24 April 2019
Arable intercropping and variety trials

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5 June 2019
Integrating Farming and Forestry

Farm Woodland Forum annual meeting



17 April 2019
Formal objection to GM potato crop trial

Plans for new GM crop trial raise objections from leading environmental and farming organisations

17 April 2019
Agroecology and carbon neutrality in Europe by 2050

New french study on reducing greenhouse gases by transitioning to agroecology



21 March 2019
In adversity, what are farmers doing to be more resilient?

Opportunities, barriers and constraints in organic techniques helping to improve the sustainability of conventional farming

Events

Organic Farm Walk

26 February 2013
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Farm Walk on Tuesday, 26th February 2013, 10.30am – 2.30pm, Hook House Farm, Kirkby Fleetham, Near Northallerton, North Yorkshire, DL7 0SS, by kind permission of Steve Pierson and family.

The event is being organised by Newcastle University’s Nafferton Ecological Farming Group (NEFG) and the purpose of the day is to:

  • Provide a discussion forum for organic farmers in the north, particularly on your main challenges and issues regarding soil management, maintaining fertility and P and K indices.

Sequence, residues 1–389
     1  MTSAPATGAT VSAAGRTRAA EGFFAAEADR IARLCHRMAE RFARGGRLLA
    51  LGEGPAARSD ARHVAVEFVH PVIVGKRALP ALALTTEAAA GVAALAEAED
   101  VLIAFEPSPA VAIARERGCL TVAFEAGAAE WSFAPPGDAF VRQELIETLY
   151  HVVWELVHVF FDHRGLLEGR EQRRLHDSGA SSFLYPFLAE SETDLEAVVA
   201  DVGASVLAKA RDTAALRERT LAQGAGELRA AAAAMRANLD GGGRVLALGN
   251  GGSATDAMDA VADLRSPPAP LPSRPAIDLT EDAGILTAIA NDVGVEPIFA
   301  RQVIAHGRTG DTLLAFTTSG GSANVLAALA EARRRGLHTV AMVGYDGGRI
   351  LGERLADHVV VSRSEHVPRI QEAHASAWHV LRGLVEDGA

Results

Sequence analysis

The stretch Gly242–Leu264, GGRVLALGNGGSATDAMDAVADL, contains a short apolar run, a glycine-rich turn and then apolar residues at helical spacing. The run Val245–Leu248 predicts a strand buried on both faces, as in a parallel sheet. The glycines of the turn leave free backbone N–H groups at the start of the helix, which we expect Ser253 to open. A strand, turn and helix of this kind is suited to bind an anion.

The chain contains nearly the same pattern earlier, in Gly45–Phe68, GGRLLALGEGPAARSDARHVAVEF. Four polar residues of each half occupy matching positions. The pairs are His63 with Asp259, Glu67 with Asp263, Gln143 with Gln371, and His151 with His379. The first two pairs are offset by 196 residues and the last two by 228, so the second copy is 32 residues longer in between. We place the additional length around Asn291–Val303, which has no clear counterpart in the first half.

• Feedback findings from the Tilman-Org Research project on the use of reduced tillage and green manures by organic farmers in Europe.
  • 10.00-10.30am – Arrival and tea/coffee
  • 10.30am – Introductions
  • 10.50am – Farm walk around Hook House Farm
  • 12.20pm – 1pm Lunch
  • 1-1.45pm – Dr Liz Stockdale, Newcastle University, will lead a discussion to identify your key challenges related to soil management and what research or training might assist you.
  • 1.45-2.30pm – Dr Julia Cooper, Newcastle University, will report on the key findings so far from the Tilman-Org project:

http://research.ncl.ac.uk/nefg/tilman/page.php?page=1

Hook House Farm is 60 ha, certified organic since 2001. The main business enterprises are arable, Christmas turkeys, a mule flock producing lambs for finishing and fattening traditional breed cross stores for beef. The rotation provides ley and arable crops in equal proportions, consisting of red or white clover ley/stubble turnips catch crop/winter or spring wheat/ beans/ barley undersown. Steve has been trying some reduced tillage techniques over the past few seasons on the sandy loam, peaty loam and clay soils.

Steve has kindly offered to provide a light lunch for everyone and so it is essential that you let Kate Gascoyne from NEFG know if you are planning to come by Thursday 21st February, on 01768 881462 or kate.gascoyne@newcastle.ac.uk



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